The Structural Materials and Mechanics Research Group


Learn about our Research Topics

Current research projects are in the aerospace, nuclear and biomechanics fields and focus on structural integrity applied to experimental mechanics across varied length scales.

Digital Environment and Validation

The imperative for a more sustainable society implies a reduction in material and energy consumption by devices, machines and structures, which conflicts with the desire for safety and reliability. Computational models are an essential tool for resolving this conflict, and a robust validation process is vital to support credibility of their predictions. The development of effective validation methodologies for simple and hierarchical models together with their effect on the design process in aerospace and nuclear industries is a focus of work in the group together with consideration of building credibility for computational models.

Schematic plot showing two tracks of design development leading to increased credibility and reduced uncertainty in predictions of performance [from Patterson et al. Royal Society open science, 6(10):181847].
A fatigue crack growing from the edge of a hole, monitored using thermoelastic stress analysis.

Damage Assessment for Aerospace Structures

Optical stress and strain measurement techniques, such as thermoelastic stress analysis and digital image correlation, are capable of providing valuable information about the behaviour of complex materials and structures. Using these techniques, the group have developed novel methods for assessing damage in structures, and monitoring how that damage propagates in real-time during service. The algorithms that underpin these methods have also been applied to microscope images of high-performance composite materials to extract useful information from vast datasets.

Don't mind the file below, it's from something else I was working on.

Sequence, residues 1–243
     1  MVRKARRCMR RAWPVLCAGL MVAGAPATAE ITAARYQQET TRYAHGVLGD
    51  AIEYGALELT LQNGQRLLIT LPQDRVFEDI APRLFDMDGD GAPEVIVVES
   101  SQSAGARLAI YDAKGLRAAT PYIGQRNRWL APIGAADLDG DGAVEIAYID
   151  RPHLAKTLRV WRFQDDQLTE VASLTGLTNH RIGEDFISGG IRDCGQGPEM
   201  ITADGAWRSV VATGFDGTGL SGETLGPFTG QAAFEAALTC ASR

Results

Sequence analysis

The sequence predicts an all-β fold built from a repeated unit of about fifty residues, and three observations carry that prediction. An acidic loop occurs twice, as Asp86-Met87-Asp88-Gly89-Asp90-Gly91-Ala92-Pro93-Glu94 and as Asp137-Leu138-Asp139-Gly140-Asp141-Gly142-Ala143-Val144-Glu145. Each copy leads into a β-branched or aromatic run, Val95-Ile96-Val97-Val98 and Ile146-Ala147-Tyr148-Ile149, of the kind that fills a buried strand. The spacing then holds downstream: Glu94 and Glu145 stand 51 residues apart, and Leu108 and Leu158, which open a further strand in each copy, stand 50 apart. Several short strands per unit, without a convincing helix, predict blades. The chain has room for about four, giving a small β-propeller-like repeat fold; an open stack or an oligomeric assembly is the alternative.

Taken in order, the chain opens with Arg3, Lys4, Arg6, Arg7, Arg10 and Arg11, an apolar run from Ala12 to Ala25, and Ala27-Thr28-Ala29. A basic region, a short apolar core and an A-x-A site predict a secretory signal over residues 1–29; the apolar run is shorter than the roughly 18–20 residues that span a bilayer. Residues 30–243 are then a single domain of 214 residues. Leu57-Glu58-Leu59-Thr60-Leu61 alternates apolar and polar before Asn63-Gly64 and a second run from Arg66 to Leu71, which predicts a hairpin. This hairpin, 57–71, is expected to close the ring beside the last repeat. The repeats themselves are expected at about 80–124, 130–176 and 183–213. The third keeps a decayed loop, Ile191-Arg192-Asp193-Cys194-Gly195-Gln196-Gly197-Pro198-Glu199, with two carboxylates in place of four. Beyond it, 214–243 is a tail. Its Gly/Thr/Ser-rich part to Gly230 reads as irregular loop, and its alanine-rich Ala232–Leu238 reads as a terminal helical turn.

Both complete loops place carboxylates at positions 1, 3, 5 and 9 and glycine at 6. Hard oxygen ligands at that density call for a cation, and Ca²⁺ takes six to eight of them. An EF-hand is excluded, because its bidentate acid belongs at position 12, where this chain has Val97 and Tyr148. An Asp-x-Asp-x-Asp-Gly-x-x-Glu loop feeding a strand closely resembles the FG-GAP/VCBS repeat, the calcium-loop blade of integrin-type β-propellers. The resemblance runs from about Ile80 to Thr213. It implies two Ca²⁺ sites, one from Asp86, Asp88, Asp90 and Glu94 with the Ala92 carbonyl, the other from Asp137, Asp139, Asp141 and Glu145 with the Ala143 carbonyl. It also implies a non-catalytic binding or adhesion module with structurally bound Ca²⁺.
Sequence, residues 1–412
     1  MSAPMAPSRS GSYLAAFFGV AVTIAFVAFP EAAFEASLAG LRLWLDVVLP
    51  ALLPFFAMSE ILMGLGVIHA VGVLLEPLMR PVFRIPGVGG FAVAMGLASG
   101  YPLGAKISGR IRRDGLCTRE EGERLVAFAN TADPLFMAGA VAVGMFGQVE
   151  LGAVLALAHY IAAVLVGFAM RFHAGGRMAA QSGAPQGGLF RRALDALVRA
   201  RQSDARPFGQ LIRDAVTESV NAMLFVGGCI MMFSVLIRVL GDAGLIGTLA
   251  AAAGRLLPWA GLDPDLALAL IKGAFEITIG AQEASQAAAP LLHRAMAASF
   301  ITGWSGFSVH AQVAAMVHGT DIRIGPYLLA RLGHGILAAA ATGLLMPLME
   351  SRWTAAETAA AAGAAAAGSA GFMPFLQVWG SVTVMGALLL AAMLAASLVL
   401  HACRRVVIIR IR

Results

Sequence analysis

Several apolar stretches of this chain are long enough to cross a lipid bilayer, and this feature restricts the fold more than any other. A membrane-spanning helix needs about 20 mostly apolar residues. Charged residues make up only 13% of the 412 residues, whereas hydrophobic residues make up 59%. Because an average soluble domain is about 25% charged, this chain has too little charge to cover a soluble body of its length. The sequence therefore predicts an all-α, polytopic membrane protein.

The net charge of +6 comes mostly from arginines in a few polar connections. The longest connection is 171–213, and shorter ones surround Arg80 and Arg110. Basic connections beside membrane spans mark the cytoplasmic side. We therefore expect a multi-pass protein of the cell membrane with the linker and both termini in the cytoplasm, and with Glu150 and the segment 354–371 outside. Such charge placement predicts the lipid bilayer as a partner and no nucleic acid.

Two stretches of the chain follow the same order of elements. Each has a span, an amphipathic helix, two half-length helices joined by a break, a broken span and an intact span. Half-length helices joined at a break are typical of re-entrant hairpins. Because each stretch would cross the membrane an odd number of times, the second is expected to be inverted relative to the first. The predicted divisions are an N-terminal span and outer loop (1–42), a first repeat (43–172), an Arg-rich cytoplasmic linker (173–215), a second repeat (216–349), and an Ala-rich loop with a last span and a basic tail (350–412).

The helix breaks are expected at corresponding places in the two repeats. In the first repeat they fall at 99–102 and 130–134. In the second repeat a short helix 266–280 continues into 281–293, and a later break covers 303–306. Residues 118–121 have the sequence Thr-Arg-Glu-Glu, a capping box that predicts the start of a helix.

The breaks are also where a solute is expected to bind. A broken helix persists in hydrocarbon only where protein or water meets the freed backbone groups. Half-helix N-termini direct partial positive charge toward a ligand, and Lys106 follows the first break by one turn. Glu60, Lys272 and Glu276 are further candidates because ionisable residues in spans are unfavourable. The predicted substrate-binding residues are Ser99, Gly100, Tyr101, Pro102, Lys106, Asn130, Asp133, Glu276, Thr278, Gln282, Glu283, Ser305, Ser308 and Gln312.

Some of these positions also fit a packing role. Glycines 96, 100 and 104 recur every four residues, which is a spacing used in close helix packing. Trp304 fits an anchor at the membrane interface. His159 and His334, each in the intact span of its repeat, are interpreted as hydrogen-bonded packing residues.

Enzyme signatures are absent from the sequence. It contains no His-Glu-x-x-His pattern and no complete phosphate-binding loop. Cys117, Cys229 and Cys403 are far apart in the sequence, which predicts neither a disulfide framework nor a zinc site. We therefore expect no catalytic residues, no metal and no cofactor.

Recent work at the nano-scale has involved evaluating the diffusion of nanoparticles in biological media in order to understand the mechanics of a range of associated biological processes. The experimental work has been performed at the Institute for Health and Consumer Protection of the European Commission DG Joint Research Center, Ispra, Italy

A fibroblast cell viewed at 60x magnification using a conventional microscope set-up (top left); phase contrast (top right); and with the condenser aperture diaphragm closed (bottom), which shows the presence of 100-nm particles. A short time lapse (about 100 ms) between the acquisition of the two bottom images identifies pairs of moving particles (solid boxes) and stationary particles (broken boxes) [from Patterson & Whelan, Small 4(10):1703-6, 2008].